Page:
The development of an implementation framework for service-learning in the undergraduate nursing programme in the Western Cape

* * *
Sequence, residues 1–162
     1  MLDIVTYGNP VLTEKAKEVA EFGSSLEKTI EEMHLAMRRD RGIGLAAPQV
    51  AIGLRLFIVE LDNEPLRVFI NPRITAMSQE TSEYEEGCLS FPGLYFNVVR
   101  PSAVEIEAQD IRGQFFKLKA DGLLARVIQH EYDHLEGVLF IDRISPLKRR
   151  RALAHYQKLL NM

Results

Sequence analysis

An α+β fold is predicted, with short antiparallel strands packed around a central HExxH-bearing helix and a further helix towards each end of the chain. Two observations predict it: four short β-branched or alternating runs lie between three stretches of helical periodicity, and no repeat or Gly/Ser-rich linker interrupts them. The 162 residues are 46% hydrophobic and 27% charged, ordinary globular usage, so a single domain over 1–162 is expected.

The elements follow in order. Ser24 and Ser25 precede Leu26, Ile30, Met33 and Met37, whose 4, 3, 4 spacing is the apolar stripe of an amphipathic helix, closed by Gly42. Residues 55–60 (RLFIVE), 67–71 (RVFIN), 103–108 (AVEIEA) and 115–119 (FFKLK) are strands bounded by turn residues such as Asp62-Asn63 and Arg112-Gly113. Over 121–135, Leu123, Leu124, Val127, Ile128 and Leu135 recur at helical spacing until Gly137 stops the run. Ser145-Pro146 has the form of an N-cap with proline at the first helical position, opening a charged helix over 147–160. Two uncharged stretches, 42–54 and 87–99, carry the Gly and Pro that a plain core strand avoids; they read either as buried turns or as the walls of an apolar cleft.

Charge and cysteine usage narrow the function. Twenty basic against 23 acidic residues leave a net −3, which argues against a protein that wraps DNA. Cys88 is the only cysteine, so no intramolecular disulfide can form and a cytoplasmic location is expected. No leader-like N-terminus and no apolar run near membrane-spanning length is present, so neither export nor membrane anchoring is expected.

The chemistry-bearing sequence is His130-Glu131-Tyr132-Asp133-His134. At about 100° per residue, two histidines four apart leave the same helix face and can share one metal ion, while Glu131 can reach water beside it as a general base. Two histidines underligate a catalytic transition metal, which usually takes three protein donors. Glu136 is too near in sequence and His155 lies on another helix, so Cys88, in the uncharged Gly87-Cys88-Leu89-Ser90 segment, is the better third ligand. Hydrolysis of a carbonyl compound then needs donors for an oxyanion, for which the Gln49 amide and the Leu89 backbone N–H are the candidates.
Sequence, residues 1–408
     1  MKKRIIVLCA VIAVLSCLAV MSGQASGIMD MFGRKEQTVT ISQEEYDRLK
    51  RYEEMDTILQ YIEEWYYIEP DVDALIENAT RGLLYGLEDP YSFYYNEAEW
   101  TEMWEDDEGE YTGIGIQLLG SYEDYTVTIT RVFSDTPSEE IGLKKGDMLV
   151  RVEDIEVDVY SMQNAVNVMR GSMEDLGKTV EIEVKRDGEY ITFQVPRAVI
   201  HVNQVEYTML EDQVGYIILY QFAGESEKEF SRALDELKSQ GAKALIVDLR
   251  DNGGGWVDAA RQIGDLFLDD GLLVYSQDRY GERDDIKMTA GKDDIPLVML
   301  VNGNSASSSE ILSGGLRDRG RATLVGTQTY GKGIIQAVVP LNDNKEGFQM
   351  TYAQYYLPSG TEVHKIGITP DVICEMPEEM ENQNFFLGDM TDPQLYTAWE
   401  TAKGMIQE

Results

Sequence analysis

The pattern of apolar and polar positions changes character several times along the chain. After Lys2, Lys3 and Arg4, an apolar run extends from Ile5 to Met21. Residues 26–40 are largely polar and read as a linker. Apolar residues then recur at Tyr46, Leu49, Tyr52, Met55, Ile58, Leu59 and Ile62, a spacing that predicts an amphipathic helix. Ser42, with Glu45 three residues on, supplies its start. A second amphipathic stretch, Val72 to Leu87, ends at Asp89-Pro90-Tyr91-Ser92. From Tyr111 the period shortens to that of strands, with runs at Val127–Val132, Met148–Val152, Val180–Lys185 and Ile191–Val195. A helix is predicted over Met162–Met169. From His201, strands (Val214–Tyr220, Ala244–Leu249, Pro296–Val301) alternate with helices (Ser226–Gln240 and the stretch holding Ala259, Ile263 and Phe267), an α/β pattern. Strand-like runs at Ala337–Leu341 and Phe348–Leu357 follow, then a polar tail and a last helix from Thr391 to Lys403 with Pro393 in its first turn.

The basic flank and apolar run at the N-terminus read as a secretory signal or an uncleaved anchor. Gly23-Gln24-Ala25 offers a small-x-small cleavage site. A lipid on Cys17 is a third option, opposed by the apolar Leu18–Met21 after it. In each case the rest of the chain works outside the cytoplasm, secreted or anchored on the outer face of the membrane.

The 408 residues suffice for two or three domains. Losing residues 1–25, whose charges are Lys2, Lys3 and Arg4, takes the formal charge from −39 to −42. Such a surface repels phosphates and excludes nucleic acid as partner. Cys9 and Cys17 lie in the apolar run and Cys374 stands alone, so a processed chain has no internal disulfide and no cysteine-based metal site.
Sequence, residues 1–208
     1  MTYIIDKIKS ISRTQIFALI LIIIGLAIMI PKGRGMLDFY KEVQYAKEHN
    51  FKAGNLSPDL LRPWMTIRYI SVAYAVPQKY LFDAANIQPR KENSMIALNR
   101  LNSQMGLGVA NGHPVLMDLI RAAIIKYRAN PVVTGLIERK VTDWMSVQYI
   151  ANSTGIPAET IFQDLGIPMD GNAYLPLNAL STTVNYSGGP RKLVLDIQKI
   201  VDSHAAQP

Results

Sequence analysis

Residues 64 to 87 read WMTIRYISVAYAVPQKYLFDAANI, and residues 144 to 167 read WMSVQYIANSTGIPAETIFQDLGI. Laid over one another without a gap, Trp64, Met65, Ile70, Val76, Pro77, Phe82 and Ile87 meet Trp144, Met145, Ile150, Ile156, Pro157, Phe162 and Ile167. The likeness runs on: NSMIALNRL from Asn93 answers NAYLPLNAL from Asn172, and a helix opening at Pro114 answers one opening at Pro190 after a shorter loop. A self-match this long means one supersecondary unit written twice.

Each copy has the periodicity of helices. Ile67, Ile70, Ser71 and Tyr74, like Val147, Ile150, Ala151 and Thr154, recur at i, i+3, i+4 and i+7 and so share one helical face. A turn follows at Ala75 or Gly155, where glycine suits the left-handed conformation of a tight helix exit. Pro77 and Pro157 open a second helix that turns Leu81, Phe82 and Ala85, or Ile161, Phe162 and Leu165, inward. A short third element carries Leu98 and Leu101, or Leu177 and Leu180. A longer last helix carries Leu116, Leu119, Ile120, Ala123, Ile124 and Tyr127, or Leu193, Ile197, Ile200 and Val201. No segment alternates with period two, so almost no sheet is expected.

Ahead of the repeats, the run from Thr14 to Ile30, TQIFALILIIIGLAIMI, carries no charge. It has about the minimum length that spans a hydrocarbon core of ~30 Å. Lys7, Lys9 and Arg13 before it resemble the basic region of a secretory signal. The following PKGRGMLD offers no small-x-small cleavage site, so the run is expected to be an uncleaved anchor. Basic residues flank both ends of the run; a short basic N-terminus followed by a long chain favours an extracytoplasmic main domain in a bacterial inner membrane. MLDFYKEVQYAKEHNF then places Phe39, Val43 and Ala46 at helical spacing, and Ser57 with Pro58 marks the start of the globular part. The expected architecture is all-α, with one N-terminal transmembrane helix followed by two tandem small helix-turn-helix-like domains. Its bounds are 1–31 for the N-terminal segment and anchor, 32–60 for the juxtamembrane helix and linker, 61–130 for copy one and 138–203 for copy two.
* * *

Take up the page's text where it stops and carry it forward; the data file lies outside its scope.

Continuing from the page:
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In this doctoral thesis, I explored how the national guidelines for higher education to institutionalise service-learning as a particular type of community engagement were implemented in South African higher education institutions. Whilst the particular School of Nursing where the study was conducted was cognisant of the national policy imperative on service-learning as stipulated in the guidelines of the Higher Education Quality Committee (HEQC), operationalisation within the academic programmes had not been addressed. An intervention study was thus undertaken to develop a service-learning implementation framework for the School of Nursing using the multi-phased design and development model of Rothman and Thomas (1994). The factors that influenced the implementation of the HEQC’s service-learning policy guidelines in the nursing programmes were explored during the first phase: problem analysis and project planning. During this phase, the research focused on the readiness of the school to institutionalise service-learning at organisational and individual level because service-learning scholars advocate a systems approach to service-learning institutionalisation. At organisational level, the research question investigated whether the higher education institution had created an enabling environment for the school to institutionalise service-learning successfully in the academic. The factors that were associated with readiness at organisational (school) level were those cited as critical success factors for service-learning institutionalisation by Furco (2002) or better known in South African terminology as service-learning good practice indicators. Individual readiness was determined in terms of service-learning scholarship and willingness to participate in service-learning -capacitating activities.